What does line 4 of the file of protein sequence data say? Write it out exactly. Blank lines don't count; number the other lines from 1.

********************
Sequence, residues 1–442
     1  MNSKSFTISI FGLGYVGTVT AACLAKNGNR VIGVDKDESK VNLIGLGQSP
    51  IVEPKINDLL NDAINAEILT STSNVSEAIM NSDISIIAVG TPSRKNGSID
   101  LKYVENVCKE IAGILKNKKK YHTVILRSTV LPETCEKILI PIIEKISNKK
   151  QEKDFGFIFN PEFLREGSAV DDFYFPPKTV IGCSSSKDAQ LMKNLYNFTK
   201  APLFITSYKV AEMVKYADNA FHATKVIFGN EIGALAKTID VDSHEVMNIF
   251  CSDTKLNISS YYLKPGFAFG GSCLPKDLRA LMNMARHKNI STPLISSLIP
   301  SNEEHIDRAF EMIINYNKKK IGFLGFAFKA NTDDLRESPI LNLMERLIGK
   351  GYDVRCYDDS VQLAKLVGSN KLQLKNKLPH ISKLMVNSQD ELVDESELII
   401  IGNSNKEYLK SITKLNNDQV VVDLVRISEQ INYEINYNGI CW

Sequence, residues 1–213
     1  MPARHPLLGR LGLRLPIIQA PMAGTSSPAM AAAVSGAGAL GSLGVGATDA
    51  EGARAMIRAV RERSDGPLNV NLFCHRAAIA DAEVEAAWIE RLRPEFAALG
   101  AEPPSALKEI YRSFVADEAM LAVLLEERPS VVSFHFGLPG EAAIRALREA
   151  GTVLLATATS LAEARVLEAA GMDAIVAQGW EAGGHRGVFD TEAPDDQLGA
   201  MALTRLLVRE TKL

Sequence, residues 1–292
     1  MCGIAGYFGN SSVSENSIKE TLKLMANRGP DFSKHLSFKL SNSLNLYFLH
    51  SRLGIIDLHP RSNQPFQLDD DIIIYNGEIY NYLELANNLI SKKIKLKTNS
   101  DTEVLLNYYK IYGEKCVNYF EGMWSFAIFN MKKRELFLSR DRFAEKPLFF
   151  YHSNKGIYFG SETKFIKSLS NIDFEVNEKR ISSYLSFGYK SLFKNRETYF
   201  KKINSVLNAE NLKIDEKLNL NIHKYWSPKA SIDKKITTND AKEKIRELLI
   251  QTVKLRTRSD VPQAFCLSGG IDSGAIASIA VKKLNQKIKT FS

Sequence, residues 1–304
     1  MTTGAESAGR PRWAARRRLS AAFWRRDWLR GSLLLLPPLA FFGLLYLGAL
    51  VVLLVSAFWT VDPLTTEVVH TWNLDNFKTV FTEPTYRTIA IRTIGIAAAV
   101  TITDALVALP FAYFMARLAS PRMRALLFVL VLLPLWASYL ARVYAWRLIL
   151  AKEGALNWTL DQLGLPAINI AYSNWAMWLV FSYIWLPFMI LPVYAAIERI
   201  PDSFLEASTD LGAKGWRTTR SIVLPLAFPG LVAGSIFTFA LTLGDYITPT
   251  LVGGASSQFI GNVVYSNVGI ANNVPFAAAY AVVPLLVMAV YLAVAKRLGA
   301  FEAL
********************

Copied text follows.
   101  LKYVENVCKE IAGILKNKKK YHTVILRSTV LPETCEKILI PIIEKISNKK